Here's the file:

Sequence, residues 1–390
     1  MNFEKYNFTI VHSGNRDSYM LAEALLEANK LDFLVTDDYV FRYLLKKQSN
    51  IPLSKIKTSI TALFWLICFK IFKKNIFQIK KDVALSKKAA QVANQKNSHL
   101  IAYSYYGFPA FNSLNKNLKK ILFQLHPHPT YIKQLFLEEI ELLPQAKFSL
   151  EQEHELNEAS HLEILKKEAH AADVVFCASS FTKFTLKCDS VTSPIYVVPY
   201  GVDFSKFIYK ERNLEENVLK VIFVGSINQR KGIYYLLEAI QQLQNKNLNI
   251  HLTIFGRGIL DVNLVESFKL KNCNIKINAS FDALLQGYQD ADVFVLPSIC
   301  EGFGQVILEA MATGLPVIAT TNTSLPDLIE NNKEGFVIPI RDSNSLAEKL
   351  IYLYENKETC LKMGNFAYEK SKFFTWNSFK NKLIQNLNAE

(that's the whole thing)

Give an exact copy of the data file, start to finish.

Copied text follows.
Sequence, residues 1–390
     1  MNFEKYNFTI VHSGNRDSYM LAEALLEANK LDFLVTDDYV FRYLLKKQSN
    51  IPLSKIKTSI TALFWLICFK IFKKNIFQIK KDVALSKKAA QVANQKNSHL
   101  IAYSYYGFPA FNSLNKNLKK ILFQLHPHPT YIKQLFLEEI ELLPQAKFSL
   151  EQEHELNEAS HLEILKKEAH AADVVFCASS FTKFTLKCDS VTSPIYVVPY
   201  GVDFSKFIYK ERNLEENVLK VIFVGSINQR KGIYYLLEAI QQLQNKNLNI
   251  HLTIFGRGIL DVNLVESFKL KNCNIKINAS FDALLQGYQD ADVFVLPSIC
   301  EGFGQVILEA MATGLPVIAT TNTSLPDLIE NNKEGFVIPI RDSNSLAEKL
   351  IYLYENKETC LKMGNFAYEK SKFFTWNSFK NKLIQNLNAE